By Wilfredo Guzon, Tutor, CLE Costa Mesa

Helping CLE students maintain goals with a sense of urgency
Few areas of life present as many challenges as diet and fitness. For many, mustering up the motivation to consistently hit the gym and lay off the carbs is next to impossible. This was true for my friend Jack. He was one of those guys who would sign up for a gym membership on the first of January and quit in three weeks. But when Jack’s long-term relationship collapsed, he realized that losing weight would be the most effective way to increase his prospects with the ladies. So, he packed his bags, moved in to the closest gym, and ate like a rabbit for a year. In that year, he lost sixty pounds and doubled his strength. But when he settled down with a new girlfriend, Jack struggled to maintain enough motivation to continue his healthy lifestyle. Within months, he gained almost all of his weight back.

Unfortunately, Jack’s story is not uncommon. While they may not be as dramatic, all of us have first or second-hand experiences with swings in motivation. And here at CLE, our students are certainly no exception. But why do changes in motivation occur? And how can understanding these changes equip CLE staff to motivate students to accomplish their academic and career goals?

While there are many factors involved in Jack’s motivation levels, one stands out: relationship status. Somehow, being in a relationship made Jack less motivated to eat healthy food and work out. Some prying revealed that the reason for this is contentment. Jack understood the long-term health risks and benefits related to diet and exercise, but he also knew that, as long as his girlfriend was around, he didn’t need to work for approval. Only after a breakup would the sudden onset of loneliness trigger a sense of urgency strong enough to give him the extra push needed to change his lifestyle.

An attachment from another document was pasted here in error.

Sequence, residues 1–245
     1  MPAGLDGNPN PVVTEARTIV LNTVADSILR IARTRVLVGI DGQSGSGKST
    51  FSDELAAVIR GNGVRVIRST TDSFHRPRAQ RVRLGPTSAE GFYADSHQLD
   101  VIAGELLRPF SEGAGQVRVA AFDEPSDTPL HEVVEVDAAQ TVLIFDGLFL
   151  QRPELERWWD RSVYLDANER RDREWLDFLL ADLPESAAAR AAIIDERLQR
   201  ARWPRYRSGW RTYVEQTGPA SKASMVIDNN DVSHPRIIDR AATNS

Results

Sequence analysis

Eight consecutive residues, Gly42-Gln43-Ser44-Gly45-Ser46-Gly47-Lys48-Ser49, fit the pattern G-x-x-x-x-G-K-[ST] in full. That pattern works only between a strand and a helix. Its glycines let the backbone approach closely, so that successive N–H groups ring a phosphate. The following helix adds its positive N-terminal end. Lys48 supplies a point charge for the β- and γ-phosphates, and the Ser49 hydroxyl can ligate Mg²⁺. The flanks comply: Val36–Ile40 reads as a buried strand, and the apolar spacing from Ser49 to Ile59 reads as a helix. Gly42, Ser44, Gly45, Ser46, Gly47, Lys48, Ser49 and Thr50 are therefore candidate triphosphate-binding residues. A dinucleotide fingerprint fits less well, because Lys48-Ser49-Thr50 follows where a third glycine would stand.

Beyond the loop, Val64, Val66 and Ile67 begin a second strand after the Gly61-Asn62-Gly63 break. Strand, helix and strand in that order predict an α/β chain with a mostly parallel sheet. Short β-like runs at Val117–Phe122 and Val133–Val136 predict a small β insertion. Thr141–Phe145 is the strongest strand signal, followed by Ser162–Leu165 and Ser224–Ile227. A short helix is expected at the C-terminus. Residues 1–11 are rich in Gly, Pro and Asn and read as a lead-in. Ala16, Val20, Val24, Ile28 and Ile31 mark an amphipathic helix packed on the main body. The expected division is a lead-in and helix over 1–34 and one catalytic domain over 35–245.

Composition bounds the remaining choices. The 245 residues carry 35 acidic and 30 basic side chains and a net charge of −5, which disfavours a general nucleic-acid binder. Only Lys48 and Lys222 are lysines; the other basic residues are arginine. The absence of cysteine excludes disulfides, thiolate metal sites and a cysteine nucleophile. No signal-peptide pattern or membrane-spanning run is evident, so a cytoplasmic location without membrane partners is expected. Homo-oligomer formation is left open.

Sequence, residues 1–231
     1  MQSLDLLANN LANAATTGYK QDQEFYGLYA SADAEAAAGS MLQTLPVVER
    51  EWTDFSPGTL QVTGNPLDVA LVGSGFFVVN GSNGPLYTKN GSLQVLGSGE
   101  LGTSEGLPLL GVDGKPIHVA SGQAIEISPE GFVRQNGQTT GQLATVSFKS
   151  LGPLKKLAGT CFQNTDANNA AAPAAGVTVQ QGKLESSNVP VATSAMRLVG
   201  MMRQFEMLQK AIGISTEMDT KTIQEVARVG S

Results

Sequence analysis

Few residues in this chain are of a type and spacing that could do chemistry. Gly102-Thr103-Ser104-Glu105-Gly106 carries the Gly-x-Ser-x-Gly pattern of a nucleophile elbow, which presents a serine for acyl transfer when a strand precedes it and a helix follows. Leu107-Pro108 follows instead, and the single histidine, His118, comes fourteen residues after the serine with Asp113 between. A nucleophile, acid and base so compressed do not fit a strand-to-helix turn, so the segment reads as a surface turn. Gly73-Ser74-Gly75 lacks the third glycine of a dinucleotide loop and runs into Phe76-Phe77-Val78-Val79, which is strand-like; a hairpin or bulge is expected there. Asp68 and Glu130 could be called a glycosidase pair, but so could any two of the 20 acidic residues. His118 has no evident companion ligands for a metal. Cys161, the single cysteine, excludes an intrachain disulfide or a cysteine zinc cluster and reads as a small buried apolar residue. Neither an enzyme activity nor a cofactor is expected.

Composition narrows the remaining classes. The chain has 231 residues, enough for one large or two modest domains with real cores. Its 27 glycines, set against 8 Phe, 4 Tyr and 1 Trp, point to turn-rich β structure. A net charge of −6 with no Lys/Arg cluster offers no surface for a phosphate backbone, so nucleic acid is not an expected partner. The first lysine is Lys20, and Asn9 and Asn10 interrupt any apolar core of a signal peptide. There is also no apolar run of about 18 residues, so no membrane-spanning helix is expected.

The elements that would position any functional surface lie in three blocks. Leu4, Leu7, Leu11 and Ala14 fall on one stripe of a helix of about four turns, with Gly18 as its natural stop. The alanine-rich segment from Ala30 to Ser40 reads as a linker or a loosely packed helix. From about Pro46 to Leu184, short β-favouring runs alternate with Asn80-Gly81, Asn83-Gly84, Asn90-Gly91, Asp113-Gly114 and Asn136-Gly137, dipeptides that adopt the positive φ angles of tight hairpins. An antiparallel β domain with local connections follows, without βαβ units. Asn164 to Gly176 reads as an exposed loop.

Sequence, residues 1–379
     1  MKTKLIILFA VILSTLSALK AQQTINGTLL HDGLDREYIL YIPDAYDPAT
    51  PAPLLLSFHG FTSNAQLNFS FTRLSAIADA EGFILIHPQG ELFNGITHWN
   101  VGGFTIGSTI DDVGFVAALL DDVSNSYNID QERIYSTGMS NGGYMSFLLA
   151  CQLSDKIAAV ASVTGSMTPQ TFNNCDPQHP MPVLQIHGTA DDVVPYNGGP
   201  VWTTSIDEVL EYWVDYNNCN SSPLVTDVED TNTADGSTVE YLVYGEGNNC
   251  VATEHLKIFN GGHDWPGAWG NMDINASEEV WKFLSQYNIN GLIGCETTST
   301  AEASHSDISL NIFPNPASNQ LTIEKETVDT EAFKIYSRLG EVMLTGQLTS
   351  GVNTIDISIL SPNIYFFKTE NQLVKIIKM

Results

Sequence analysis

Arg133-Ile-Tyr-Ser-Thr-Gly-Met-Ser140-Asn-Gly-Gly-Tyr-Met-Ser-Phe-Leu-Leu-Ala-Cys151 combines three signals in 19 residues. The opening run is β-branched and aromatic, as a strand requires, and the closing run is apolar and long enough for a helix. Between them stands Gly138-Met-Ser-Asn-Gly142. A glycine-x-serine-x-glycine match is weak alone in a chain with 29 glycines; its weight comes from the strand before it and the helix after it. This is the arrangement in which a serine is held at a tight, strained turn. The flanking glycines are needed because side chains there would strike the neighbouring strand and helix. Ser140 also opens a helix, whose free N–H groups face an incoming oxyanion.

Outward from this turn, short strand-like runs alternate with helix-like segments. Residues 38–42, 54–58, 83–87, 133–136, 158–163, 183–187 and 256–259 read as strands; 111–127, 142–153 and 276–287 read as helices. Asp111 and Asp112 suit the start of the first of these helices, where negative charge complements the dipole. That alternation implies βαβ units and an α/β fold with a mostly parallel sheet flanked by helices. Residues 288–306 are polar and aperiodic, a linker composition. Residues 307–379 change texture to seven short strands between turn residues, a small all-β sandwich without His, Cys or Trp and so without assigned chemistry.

I believe many CLE students are in different circumstances but similar situations. Nevertheless, cultivating independence is what we strive for at CLE. And while an abrupt realization could be harmful, gently and gradually giving students a glimpse of the future and showing them what is at stake—their own livelihoods—could trigger a sense of urgency strong enough to push them to succeed.

Here are some ways to accomplish this:

  • Scaled Allowances: Working with parents to provide spending money proportional to the amount of time and effort students dedicate to school and work
  • Organizing activities that expose students to the lives of independent adults
  • Adjusting Independent Living Skills sessions to account for realistic financial and scheduling constraints
  • Developing and utilizing reward systems that mimic those in place in professional settings

While many students (and humans, in general) may resist attempts to adjust their lifestyles, the long-term benefits of understanding independent living will better equip students to prepare for the future.